et those criteria. Hence the documented test results are not directly comparable to any other E-Business Suite performance test results published by any vendor including Oracle. Such an attempt may lead to skewed, incorrect conclusions.
Questions & Requests
Feel free to direct your questions to the author of the white papers. If you are a potential customer who would like to test a specific E-Business Suite application module on any non-engineered syste
m such as SPARC T4-X or engineered system such as SPARC SuperCluster, contact Oracle Solution Center.
Different batch processes in Oracle Payroll flow have the ability to spawn multiple child processes (or threads) to complete the work in hand. The number of child processes to fork is controlled by the THREADS parameter in APPS.PAY_ACTION_PARAMETERS view.
The default value for THREADS parameter is 1, which is fine for a single-processor system but not optimal for the modern multi-core multi-processor systems. Setting the THREADS parameter to a value equal to or less than the total number of [virtual] processors available on the system may improve the performance of payroll processing. However on the down side, since multiple child processes operate against the same set of payroll tables in HR schema, database may experience undesired consequences such as buffer busy waits and index contention, which results in giving up some of the gains achieved by using multiple child processes/threads to process the work. Couple of other action parameters, CHUNK_SIZE and CHUNK_SHUFFLE, help alleviate the database contention.
Set a value for THREADS parameter as shown below.
SET PARAMETER_VALUE = DESIRED_VALUE
WHERE PARAMETER_NAME = 'THREADS';
(I am not aware of any maximum value for THREADS parameter)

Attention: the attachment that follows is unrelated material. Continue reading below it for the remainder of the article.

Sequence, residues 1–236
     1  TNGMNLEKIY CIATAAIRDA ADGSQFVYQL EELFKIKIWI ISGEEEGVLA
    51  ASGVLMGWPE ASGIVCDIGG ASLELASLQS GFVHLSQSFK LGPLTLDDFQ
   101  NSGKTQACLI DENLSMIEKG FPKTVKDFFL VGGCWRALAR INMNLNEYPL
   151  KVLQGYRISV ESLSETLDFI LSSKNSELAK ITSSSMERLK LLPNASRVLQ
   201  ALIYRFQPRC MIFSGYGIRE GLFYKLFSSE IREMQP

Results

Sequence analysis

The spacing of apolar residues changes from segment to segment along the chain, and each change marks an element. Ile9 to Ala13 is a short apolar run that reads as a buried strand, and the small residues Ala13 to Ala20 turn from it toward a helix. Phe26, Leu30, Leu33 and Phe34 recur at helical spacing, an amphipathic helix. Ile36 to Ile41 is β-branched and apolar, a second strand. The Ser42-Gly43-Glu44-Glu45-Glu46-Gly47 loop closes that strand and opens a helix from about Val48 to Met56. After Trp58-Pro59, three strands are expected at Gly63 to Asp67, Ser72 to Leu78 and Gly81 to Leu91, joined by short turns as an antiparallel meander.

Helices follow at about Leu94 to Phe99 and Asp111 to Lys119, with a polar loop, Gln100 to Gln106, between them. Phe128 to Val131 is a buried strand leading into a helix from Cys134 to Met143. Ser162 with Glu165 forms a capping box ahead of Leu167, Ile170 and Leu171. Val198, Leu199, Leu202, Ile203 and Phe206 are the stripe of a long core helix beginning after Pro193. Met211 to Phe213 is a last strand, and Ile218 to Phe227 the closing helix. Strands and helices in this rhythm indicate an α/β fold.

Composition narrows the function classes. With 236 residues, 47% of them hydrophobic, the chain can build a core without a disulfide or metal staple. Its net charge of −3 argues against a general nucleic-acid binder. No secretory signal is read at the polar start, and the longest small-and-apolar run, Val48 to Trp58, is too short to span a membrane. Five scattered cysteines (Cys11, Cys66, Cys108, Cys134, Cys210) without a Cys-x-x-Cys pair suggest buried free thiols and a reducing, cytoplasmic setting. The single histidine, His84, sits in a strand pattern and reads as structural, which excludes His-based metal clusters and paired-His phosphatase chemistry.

The size of each commit unit for the batch process is controlled by the CHUNK_SIZE action parameter. In other words, chunking is the act of splitting the assignment actions into commit groups of desired size represented by the CHUNK_SIZE parameter. The default value is 20, and each thread processes one chunk at a time -- which means each child process inserts or processes 20 assignment actions at any time.
When multiple threads are configured, each thread picks up a chunk to process, completes the assignment actions and then picks up another chunk. This is repeated until all the chunks are exhausted.
It is possible to use different chunk sizes in different batch processes. During the initial phase of processing, CHUNK_SIZE number of assignment actions are inserted into relevant table(s). When multiple child processes are inserting data at the same time into the same set of tables, as explained earlier, database may experience contention. The default value of 20 is mostly optimal in such a case. Experiment with different values for the initial phase by +/-10 for CHUNK_SIZE parameter and observe the performance impact. A larger value may make sense during the main processing phase. Again experimentation is the key in finding the suitable value for your environment. Start with a large value such as 2000 for the chunk size, then increment or decrement the size by 500 at a time until an optimal value is found.
Set a value for CHUNK_SIZE parameter as shown below.
SET PARAMETER_VALUE = DESIRED_VALUE
WHERE PARAMETER_NAME = 'CHUNK_SIZE';
CHUNK_SIZE action parameter accepts a value that is as low as 1 or as high as 16000.
CHUNK SHUFFLE parameter
By default, chunks of assignment actions are processed sequentially by all threads - which may not be a good thing especially given that all child processes/threads performing similar actions against the same set of tables almost at the same time. By saying not a good thing, I mean to say that the default behavior leads to contention in the database (in data blocks, for example).
It is possible to relieve some of that database contention by randomizing the processing order of chunks of assignment actions. This behavior is controlled by the CHUNK SHUFFLE action parameter. Chunk processing is not randomized unless explicitly configured.
Set chunk shuffling as shown below.
SET PARAMETER_VALUE = 'Y'
WHERE PARAMETER_NAME = 'CHUNK SHUFFLE';